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Bones - Season 1 (DVD)
Member Name: samueltyler
Bones - Season 1 (DVD)
Advantages: Funny, Well Acted, Good Writing
Disadvantages: Bit Smaltzy, Dips in middle
I thought I say a skeleton once. I was about 10 years old and I used to share a room with my brother. I woke up in the middle of the night only to see a spectral skeleton floating above the ground near my bed. Suffice to say I did not eat cheese before going to bed again and my brother and I soon moved rooms as I could no longer sleep. What would happen if I say a skeleton know? Probably not much as it would be sitting in a museum. However, if I dug one up or found one in a wall cavity I would run away faster than a sprinter on horse steroids. It’s this reaction from normal folk that explains why we have the police and forensic specialists to deal with these things. Make no bones about it – I wouldn’t do it!
‘Bones’ is a TV show developed by Fox about a forensic anthropologist called Dr Temperance Brennan. Early on in the series she aids Agent Seeley Booth in a crime involving a skeleton. Due to her high level of expertise and the FBI’s jurisdiction over the entire USA the number of cases that need a specialist such as Dr Brennan means that they soon form a partnership between the FBI and the doctor’s team of specialists at the Jeffersonian Museum. Each episode highlights a case that requires both Dr Brennan's clean scientific studies and Booth’s gut reactions. Together they form a partnership that can uncover murders – old and new.
‘Bones’ refers to the nickname that Booth gives to Dr Brennan and underlines the level of fun that the writers bring to this dark subject matter. Based on a series of books by Kathy Reichs, Dr Brennan herself is an author in the show. This gives the series a level of expertise that shows up in each episode. Rather than remaining a dry look at death, the creators of ‘Bones’ have made the two central characters both charming and funny. The relationship blossoms throughout the series to mimic that of Mulder and Scully in the ‘X Files’. Although this series was red lit due to the popularity of the similarly themed ‘Crime Scene Investigators’ is stands on its own two feet as an excellent programme.
The writing is the first area that should be praised, not only is each story different from the next but a lot more is given to develop the characters than in many shows of this type. You get the feeling that the creators made a concerted effort to try and flesh out the roles of, not only, Brennan and Booth, but also the cast as a whole. This means that after only a few minutes you begin to know more about and enjoy characters in ‘Bones’ than in an entire series of ‘CSI’. Perhaps it is the acting combined with the characters that is the strongest element to the show.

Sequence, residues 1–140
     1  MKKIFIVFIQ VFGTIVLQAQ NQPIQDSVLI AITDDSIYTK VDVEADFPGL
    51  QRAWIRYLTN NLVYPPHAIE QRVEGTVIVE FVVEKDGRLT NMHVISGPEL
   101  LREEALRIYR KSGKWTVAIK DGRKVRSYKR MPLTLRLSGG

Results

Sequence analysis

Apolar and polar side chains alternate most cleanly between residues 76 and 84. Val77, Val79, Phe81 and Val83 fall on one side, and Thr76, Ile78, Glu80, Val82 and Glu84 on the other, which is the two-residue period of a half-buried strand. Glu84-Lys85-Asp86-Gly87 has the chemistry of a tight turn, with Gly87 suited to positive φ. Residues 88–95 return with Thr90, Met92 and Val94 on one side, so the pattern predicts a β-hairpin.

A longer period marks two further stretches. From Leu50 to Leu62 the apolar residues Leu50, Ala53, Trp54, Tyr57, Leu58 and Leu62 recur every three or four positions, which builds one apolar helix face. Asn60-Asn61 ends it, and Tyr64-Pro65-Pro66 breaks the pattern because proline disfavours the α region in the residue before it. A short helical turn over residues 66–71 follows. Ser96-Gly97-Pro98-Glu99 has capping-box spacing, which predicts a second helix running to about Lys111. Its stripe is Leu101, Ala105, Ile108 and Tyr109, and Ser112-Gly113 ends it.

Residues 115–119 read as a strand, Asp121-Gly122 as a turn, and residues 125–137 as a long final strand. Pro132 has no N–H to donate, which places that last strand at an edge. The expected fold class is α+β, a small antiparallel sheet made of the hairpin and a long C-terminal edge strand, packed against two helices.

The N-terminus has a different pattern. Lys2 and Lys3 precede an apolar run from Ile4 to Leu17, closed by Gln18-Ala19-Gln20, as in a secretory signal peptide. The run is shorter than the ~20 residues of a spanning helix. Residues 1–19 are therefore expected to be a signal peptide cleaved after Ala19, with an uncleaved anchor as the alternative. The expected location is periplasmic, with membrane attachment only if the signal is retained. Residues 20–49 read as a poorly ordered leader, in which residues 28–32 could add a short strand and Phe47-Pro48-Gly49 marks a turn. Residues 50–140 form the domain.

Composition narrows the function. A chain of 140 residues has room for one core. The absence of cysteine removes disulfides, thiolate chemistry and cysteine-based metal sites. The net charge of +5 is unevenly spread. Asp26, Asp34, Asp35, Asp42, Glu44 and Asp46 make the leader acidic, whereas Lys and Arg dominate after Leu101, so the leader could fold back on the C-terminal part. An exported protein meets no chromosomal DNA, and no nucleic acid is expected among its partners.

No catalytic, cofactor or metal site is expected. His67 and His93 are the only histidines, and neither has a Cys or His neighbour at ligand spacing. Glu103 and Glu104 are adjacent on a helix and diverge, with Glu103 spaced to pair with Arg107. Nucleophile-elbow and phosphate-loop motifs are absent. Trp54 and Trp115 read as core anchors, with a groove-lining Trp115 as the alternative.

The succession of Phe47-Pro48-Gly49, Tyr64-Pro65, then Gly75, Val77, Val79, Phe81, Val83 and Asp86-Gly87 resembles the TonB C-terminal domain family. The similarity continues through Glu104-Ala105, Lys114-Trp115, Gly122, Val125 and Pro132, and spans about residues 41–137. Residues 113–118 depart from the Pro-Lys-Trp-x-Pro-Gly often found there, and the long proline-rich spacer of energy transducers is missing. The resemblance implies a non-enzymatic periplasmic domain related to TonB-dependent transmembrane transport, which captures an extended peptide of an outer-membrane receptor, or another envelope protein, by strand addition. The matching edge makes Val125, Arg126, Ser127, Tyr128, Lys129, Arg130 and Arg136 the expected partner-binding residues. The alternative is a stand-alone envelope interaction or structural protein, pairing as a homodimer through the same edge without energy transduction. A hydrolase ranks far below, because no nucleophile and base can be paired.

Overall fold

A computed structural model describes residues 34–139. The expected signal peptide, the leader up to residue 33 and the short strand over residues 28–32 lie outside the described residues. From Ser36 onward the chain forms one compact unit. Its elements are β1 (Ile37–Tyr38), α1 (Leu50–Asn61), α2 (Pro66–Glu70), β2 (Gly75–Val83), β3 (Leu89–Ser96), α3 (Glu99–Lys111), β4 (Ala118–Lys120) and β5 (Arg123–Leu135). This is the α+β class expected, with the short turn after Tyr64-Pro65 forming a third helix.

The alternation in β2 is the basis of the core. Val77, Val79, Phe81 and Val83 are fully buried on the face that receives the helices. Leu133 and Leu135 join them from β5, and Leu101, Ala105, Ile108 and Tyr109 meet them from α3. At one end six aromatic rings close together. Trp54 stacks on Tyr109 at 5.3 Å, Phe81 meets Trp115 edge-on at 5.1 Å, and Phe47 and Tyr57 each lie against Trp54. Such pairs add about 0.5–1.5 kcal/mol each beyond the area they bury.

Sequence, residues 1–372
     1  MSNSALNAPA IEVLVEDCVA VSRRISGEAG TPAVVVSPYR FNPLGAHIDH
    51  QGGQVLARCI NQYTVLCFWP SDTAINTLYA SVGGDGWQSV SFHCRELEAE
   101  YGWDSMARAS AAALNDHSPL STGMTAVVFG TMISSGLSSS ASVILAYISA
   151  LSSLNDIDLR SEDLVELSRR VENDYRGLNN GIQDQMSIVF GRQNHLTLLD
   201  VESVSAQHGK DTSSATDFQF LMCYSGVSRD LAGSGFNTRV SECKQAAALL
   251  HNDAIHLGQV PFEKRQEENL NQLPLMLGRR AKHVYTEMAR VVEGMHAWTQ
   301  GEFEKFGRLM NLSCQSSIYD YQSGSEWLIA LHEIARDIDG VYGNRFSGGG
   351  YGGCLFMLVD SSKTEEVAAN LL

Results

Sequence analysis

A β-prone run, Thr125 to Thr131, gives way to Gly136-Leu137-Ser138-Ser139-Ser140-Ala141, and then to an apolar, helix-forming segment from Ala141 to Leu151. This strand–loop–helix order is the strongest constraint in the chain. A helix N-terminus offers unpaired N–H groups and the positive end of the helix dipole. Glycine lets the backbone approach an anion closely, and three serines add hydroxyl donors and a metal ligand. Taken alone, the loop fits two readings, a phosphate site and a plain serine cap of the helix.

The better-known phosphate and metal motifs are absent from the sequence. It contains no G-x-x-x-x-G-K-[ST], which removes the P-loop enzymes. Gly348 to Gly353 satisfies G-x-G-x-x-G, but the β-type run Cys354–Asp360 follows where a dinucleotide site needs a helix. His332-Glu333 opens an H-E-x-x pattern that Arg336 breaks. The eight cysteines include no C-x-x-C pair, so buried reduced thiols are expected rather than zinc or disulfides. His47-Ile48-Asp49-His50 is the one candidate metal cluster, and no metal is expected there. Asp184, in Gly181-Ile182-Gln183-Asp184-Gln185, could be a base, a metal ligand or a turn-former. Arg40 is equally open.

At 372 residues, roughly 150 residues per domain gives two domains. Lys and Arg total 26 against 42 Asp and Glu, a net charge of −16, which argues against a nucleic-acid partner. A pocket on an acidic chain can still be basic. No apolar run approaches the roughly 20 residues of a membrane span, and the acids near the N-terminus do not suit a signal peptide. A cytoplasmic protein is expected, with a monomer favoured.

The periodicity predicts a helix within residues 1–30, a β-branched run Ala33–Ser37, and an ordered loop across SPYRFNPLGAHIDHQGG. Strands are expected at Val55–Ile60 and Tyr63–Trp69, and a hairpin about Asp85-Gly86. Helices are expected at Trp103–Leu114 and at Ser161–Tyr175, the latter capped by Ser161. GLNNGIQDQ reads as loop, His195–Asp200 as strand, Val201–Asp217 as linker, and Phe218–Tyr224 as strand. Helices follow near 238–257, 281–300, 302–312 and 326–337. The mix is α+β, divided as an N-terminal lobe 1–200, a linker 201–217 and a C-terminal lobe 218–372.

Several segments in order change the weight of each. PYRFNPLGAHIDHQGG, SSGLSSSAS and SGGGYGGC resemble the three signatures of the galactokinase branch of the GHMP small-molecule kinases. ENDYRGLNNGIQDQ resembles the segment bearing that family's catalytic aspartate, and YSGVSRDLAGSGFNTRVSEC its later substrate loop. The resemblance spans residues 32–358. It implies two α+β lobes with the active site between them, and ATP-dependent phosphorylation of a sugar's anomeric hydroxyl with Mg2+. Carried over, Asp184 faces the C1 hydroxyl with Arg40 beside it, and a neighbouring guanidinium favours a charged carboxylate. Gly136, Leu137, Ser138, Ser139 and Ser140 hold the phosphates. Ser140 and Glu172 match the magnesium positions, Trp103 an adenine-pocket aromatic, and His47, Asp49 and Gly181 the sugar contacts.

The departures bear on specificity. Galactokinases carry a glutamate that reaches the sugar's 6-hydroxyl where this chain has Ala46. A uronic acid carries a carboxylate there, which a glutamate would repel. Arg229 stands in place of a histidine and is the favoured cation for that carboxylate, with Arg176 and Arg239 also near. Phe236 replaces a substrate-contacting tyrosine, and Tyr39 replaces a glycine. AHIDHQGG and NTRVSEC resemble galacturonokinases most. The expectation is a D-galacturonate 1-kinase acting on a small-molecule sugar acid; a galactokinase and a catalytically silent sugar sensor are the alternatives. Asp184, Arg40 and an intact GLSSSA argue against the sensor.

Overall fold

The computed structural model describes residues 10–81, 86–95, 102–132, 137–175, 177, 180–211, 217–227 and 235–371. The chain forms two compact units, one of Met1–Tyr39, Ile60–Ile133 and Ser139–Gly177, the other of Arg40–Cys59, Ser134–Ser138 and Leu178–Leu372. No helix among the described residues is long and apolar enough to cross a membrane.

The main two roles of Dr Brennan and Booth are cast perfectly by Emily Deschanel and David Boreanaz. They seem to know their characters really well and push what is funny and acceptable between two colleagues. Deschanel plays Dr Brennan as a very intelligent but social unaware woman and this works fantastically against Boreanaz portrayal of Booth as a hard nosed but fun loving FBI agent. The best moments of the show happen when these two characters are bickering together. For all their differences their relationship and the show work so well because they complement each other so perfectly.
The supporting cast in series 1 of ‘Bones’ is also very good. We have the sexy best friend of Brennan; Angela (Michaela Conlin), who acts as her emotional side as well as the stuck up boss Dr Goodman (Jonathan Adams). Perhaps the best two roles go to the assistants Hodgins (T.J.Thyne) and Zack (Eric Millegan). These two characters are very likable but also very geeky. Hodgins is a conspiracy nut and his interpretation to what may have happened in a particular case is often very funny. Zack is a young PHD student who is very intelligent but even more socially inadequate than Dr Brennan – this leads him into lots of funny problems. The supporting cast are developed through the show and are not left behind like in many dramas. The actors play them so that they reveal their intelligence but also some of their inadequacies. This human feel runs throughout the show and is what makes it unique in the crime genre.
Another couple of areas of production that should be praised are the special effects and direction. ‘Bones’ is the kind of show that will succeed or fail on what the bodies look like as they are instrumental to each story. I am glad to say that they look hyper realistic and are as good, if not better, than the stuff on CSI. The direction is also very well suited to the show being flashy but also intelligent allowing the viewer a chance to feel part of the case.
There are a couple of issues that prevent ‘Bones’ from reaching the heights of the very best CSI episodes and this is due to some of the smaltzy American plots. Rather than treat the audience with the intelligence shown during the case the episodes often finish with a flurry of syrupy Americana lesson learning. Arguable CSI does so little of this that it is at fault but I found that ‘Bones’ did it too much for my liking. Also like many season 1’s this show dipped in standard during the middle from excellent to just good. However, overall ‘Bones’ is still one of the best, funniest, most intelligent crime dramas of the past few years and definitely worth a rent or cheap buy from any fans of the genre.
Starring: Emily Deschanel and David Boreanaz
Price: Amazon uk £27.99
For such a meaty box set there are not that many extras to choose from. The final disc contains a few middle of the road adverts disguised as featurettes but apart from that only one episode has a commentary from Deschanel and Boreanaz. This is fun to listen to, but they basically mess around rather than tell you anything of interest.
Summary: Great Crime Drama from Fox